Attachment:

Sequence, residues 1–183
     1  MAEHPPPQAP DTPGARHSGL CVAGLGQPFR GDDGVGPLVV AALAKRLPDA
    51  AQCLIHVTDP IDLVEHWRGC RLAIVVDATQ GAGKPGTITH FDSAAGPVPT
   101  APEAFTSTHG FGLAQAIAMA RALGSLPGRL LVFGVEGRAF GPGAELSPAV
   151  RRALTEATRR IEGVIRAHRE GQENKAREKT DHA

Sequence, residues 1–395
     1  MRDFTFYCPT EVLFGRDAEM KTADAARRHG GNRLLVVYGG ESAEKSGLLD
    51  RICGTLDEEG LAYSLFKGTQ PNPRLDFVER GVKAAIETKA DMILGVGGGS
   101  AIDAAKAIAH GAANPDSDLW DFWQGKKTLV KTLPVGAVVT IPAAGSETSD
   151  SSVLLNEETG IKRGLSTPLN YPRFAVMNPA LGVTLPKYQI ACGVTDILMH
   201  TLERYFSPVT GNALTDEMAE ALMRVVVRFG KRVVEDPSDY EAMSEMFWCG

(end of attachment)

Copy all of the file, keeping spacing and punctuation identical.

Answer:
Sequence, residues 1–183
     1  MAEHPPPQAP DTPGARHSGL CVAGLGQPFR GDDGVGPLVV AALAKRLPDA
    51  AQCLIHVTDP IDLVEHWRGC RLAIVVDATQ GAGKPGTITH FDSAAGPVPT
   101  APEAFTSTHG FGLAQAIAMA RALGSLPGRL LVFGVEGRAF GPGAELSPAV
   151  RRALTEATRR IEGVIRAHRE GQENKAREKT DHA

Sequence, residues 1–395
     1  MRDFTFYCPT EVLFGRDAEM KTADAARRHG GNRLLVVYGG ESAEKSGLLD
    51  RICGTLDEEG LAYSLFKGTQ PNPRLDFVER GVKAAIETKA DMILGVGGGS
   101  AIDAAKAIAH GAANPDSDLW DFWQGKKTLV KTLPVGAVVT IPAAGSETSD
   151  SSVLLNEETG IKRGLSTPLN YPRFAVMNPA LGVTLPKYQI ACGVTDILMH
   201  TLERYFSPVT GNALTDEMAE ALMRVVVRFG KRVVEDPSDY EAMSEMFWCG